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Adapting Local Policy in Response to Wildfire Risk

Do you remember a time when you’d look forward to fall here in Wine Country? I do. The turning of the vineyards and oaks. The scattering of acorns across your favorite local hiking trail. Clear skies and warm days followed by crisp evenings. The smell of the changing season in the breeze.

For many of us, feelings about fall began to change when, in September 2015, the Valley Fire ripped through neighboring Lake County. It would become the sixth most destructive wildfire in California history. The fall of 2016 proved largely uneventful in our area, securing the belief that, while wildfires can threaten communities, they largely occur “over there.” We told ourselves that the Valley Fire was, perhaps, an anomaly.

Queue fall of 2017. The wind-fueled Tubbs, Nuns, Pocket and Atlas fires roared through Napa, Sonoma and Lake Counties in October in the middle of a Sunday night. Evacuations were a mix of horror, chaos and heroism, hindered by darkness, power outages and the pace of the firestorm. Portions of the counties were devastated with entire subdivisions burned to the ground. Coffey Park, separated from what most consider to be fire country by portions of Santa Rosa and Highway 101, was almost entirely destroyed. These fires fundamentally changed Sonoma County residents’ perceptions of wildfire risk. What had once been thought to be a risk of rural living had now come to city life.

2018 brought us the Ranch Fire in Mendocino and Lake counties (the Mendocino Complex, 459,123 acres), that at the time was the largest wildfire in California history. 2019 offered up the October Kincade Fire (77,758 acres), resulting in the evacuation of nearly 200,000 people in Sonoma County. By the end of the 2019 fire season, just about everyone in Sonoma County had either been directly threatened or impacted by fires, or knew people who had. Our PTSD was only increasing.

And then came 2020.

Across California, wildfire size is increasing and so is wildfire damage to structures. 2020 has the dubious distinction of five of the largest California wildfires ever recorded, as shown below. Of the top ten largest wildfires recorded in California, only one occurred prior to 2010 - the 2003 Cedar Fire. Of the top 20, only three occurred prior to 2000 [1]. In August, Sonoma County experienced the Walbridge Fire, a portion of the fourth largest fire in California history, the LNU Complex.

Not only is the size of fires increasing in 2020, but so is the damage they cause. 2020 includes five of the 20 most destructive California wildfires on record (shown below). Of those 20 most destructive fires recorded, 15 have occurred since 2015 [2]. Both the Glass Fire and the LNU Complex have impacted Sonoma County, destroying homes, displacing people and driving home the reality that wildfire has become a normal part of fall in this region.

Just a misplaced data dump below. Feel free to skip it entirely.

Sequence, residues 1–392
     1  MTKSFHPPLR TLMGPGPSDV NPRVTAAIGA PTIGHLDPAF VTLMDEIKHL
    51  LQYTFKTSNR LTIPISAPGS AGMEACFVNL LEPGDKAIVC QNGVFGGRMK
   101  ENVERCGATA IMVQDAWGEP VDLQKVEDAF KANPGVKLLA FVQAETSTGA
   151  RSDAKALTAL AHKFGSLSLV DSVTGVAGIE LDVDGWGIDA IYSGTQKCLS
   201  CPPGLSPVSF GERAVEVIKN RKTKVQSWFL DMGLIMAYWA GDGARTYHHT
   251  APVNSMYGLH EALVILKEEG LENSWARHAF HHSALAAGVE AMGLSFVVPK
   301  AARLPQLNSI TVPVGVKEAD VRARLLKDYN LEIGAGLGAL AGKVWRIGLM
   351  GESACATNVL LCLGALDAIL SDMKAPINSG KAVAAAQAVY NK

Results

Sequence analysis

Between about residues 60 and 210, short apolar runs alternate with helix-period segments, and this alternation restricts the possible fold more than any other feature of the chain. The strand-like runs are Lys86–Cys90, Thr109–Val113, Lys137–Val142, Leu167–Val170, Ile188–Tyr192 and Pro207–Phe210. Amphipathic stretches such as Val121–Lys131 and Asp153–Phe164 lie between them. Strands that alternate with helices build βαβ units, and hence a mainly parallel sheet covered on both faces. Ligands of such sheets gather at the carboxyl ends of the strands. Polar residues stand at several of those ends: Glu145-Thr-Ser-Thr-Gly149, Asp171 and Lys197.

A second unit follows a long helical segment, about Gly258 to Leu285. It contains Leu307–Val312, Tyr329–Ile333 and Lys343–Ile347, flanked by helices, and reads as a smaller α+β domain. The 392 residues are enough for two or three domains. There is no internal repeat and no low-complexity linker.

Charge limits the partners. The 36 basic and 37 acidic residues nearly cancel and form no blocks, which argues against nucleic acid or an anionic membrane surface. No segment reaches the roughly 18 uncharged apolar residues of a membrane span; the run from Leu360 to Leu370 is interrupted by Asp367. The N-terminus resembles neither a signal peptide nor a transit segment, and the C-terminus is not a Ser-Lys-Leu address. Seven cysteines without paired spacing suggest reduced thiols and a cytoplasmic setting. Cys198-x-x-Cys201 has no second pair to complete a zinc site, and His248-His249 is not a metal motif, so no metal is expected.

Based on CalFire records, since 2015, Sonoma County has been impacted by five of the top 20 most destructive wildfires in the state. Those include: the 2017 Tubbs Fire (2nd most destructive on record); the 2015 Valley Fire (6th most destructive); the 2020 Glass Fire (10th most destructive); the 2020 LNU Complex (11th most destructive); and, the 2017 Nuns Fire (13th most destructive).

As of the end of September 2020, wildfires have consumed 4,040,935 acres across the state, as shown below, and the fire season is not over. For comparison, the 2018 fire season, at less than half of 2020, has now been bumped to a distant second place.

Acres Burned by Wildfire in California, 2015-2020


Our collective trauma and diminished enthusiasm for fall in the Wine Country is well founded. Whatever your perspective is on the role and causes of climate change, it’s hard to argue against the fact that wildfire in Sonoma County is an increasingly frequent and severe event. But what can we do about it?

In most cases, our response to wildfires is reactive more than proactive. The same is true of the rebuilding process. It’s difficult to attempt to implement significant regulatory change when your life or community is in ashes. Since 2017, Brelje & Race has worked on several fire recovery projects in Sonoma, Lake, and Mendocino Counties to replace damaged infrastructure associated with recent wildfire to facilitate rebuilding communities. We’re providing engineering design and construction management services for the Cobb Area Water District’s Summit Area Improvements project in order to restore water service damaged and destroyed during the Valley Fire. Recently we completed engineering design and construction management of a new water treatment facility and headquarters building for the Callayomi County Water District in Middletown after their facilities burned in 2015. We also designed and managed the construction of a wastewater collection system in the destroyed community of Anderson Springs to allow rebuilding after lots were determined to not meet modern septic system codes. And in Redwood Valley, we’re working with FEMA to implement water distribution system improvements to provide for improved fire protection and facilitate rebuilding burned homes that now require residential fire sprinkler systems. Over the last five years we’ve also provided land surveying and engineering design services for over 50 homesite rebuilding projects throughout the region.